I’ve been building a search engine

I’m a fan of Ecosia, but it needs a lot work. Ecosia is a search engine using Bing’s engine to generate search results. A majority of their revenue goes to reforestation. Some of the things they have done for poor communities in areas like Madagascar that were dried up and now thriving is nothing short of incredible. DuckDuckGo is a far better search engine with a lot of instantaneous feedback, similar to what you can expect from Google. DuckDuckGo uses a mix of both Bing’s engine and Google’s engine. Both search engines have a better privacy policy.

I thought to myself: What if I made a search engine combining some concepts of these two, but using the revenue for charities that users can vote on? Each month, they would be able to select a few charities where profits are donated to like cancer research, feeding the hungry, fighting climate change, etc. I named it YoFlux, and you can view this for early alpha testing at www.yoflux.com.

I decided I would need to use Google as the engine, rather than Bing, as I prefer their search results. How would I have a privacy focus? It turns out that Google does have an API I can use. If I didn’t store the search results locally, I would never have to worry about privacy nor a database backend. My search engine doesn’t store data at all. Once you search, it sends an API call to Google that says, “I want search results for this…” Then google responds, “okay, this is what I have.” I display what those results are, but not at any point in this process does Google know where the search is coming from, who is doing it, or any other factors other than it’s from my own “key” – a way they know who is asking for results for monitoring query loads.

This does have some downfalls:

  1. It doesn’t account for your location. Want to find the nearest bar? My search engine can’t help you as it doesn’t know where you are. Additionally, it doesn’t account for which country you live in, so results could be anywhere in the world and not a language you’re familiar with.
  2. No AI-based feeds. Google knows enough about you when you search that it tries to cater towards your interests. For example, if you’re a developer like me, I favor Stack Overflow verses other programming websites. Thus, I’m more likely to see those in Google than another programming site.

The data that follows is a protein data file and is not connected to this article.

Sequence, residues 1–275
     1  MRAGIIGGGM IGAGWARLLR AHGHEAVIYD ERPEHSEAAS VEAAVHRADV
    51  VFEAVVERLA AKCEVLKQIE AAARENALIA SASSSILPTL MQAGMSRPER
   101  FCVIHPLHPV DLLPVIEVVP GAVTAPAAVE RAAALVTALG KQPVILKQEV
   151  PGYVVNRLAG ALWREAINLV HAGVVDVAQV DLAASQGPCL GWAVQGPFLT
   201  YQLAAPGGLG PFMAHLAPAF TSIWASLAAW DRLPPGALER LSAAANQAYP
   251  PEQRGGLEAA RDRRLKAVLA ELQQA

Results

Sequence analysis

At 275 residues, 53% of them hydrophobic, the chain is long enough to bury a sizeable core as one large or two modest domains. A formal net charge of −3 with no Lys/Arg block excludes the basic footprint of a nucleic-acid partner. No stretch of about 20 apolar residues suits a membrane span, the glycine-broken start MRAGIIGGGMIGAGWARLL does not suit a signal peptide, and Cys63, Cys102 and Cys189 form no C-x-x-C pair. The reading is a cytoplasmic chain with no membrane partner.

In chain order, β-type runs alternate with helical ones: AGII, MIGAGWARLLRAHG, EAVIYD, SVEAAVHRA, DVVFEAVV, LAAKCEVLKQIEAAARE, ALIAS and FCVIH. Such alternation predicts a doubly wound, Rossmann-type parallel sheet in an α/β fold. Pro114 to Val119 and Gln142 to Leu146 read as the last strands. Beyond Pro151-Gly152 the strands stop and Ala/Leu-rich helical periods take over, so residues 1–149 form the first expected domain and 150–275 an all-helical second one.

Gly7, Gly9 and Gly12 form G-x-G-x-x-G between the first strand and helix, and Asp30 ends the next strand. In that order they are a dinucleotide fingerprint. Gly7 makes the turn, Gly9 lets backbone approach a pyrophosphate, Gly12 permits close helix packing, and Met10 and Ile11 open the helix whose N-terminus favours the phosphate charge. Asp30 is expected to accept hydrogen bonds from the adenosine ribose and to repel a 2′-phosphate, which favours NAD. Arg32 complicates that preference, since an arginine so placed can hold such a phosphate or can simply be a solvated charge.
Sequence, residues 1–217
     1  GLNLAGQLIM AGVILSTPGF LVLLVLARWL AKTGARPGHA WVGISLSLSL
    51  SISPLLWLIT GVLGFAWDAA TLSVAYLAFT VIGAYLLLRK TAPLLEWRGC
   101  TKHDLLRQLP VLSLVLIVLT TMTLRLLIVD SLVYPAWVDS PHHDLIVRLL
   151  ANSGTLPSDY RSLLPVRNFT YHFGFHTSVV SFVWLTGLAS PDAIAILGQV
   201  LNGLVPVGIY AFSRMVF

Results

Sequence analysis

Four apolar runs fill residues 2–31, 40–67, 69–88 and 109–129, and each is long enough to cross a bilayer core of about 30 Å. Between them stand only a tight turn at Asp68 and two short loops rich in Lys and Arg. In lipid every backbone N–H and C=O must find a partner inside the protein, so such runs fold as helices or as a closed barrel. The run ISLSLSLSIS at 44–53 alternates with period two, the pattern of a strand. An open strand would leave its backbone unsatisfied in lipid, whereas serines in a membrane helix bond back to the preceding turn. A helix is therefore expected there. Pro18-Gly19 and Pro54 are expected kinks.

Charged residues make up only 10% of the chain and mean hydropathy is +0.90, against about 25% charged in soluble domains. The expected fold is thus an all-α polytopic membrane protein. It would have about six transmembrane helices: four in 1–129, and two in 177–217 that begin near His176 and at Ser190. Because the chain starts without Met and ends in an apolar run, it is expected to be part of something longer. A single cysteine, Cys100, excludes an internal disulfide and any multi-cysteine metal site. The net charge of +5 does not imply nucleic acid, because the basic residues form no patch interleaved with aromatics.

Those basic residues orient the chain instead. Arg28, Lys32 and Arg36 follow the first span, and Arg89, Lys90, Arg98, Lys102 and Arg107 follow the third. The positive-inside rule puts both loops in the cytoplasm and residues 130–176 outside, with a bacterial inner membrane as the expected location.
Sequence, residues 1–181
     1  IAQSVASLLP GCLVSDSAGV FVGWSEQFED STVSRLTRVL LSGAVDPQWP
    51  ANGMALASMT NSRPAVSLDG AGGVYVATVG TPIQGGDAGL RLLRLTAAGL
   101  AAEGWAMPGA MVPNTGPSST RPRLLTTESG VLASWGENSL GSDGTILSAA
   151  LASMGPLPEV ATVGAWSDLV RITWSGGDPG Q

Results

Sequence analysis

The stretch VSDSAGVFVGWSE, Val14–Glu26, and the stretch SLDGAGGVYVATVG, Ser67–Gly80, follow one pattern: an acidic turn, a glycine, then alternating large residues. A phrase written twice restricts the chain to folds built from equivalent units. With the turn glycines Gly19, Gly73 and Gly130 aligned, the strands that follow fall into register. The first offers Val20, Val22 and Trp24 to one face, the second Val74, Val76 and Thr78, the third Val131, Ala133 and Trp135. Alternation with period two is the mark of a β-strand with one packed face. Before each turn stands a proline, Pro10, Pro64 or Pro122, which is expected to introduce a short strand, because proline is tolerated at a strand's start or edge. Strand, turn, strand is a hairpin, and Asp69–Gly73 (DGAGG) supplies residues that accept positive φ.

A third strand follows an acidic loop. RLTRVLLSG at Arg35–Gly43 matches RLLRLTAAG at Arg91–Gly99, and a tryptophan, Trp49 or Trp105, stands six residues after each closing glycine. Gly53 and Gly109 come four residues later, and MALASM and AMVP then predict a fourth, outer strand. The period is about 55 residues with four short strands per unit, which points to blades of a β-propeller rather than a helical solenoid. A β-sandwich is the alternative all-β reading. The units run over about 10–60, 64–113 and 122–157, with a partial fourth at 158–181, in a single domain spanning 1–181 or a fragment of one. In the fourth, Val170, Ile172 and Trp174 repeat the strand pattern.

1. I could implement tracking, but for the meantime I have it focus on search results within the US and in English only.
  2. Google’s API calls allows me to prioritize certain websites.
    1. For programming-related questions, Stack Overflow and Reddit will likely appear more than websites like MSDN (no offense Microsoft, but the formatting of your answers are terrible).
    2. News – I focused on the least biased websites according to both Republican and Democratic voters. I narrowed these down to NPR, BBC, and Associated Press. You will see others too, but these will have a higher priority setting.
    3. Shopping is currently focused on Amazon as I was planning to have an affiliation setup for additional income. Since no one was using this functionality, my affiliation expired and I have to renew.
    4. Wikipedia

The functionality it does support is quite useful, in my opinion, and I try to use it every day to see how I could improve it. Let’s do some tests:

Search term: Interstellar

IMDB didn’t have anything outside of the rating, unfortunately. However, this did tell me about one of my favorite films. You can see IMDB appears first, followed with a Wikipedia article both below and on the far-right side. One surprise I wasn’t expecting is the Voyager 2 news appearing! IMDB results used to display a lot more information earlier in the year, but I have to revisit what happened.

Scrolling down on the page shows an embedded YouTube video. I love this function. I don’t have to escape to Youtube to view it. Additionally, I have it set on a privacy filter so YouTube can’t track you.

Search term: Pork Muffin Recipe

I only searched this as a joke, not thinking a recipe would actually exist. Yet, I found a recipe. I made sure my search engine could display recipes if it was found in the Google API. It doesn’t work for all sites, but I’ll get it there.

Search term: Stranger things

This displays my Twitter integration. You can read Twitter feeds from within the website. On the far-right side you can see a Wikipedia summary of the TV show. Just above the Twitter feed is a link directly to it on Netflix.

You’re welcome to test YoFlux as you please and send me ideas and feedback. At this time, there are no ads. Since my Google API calls are free, they are limited to roughly 100 queries a day. If it stops working that means I used up my max queries for the day. Once I implement ads and get enough people using it, then I plan to open up for more queries.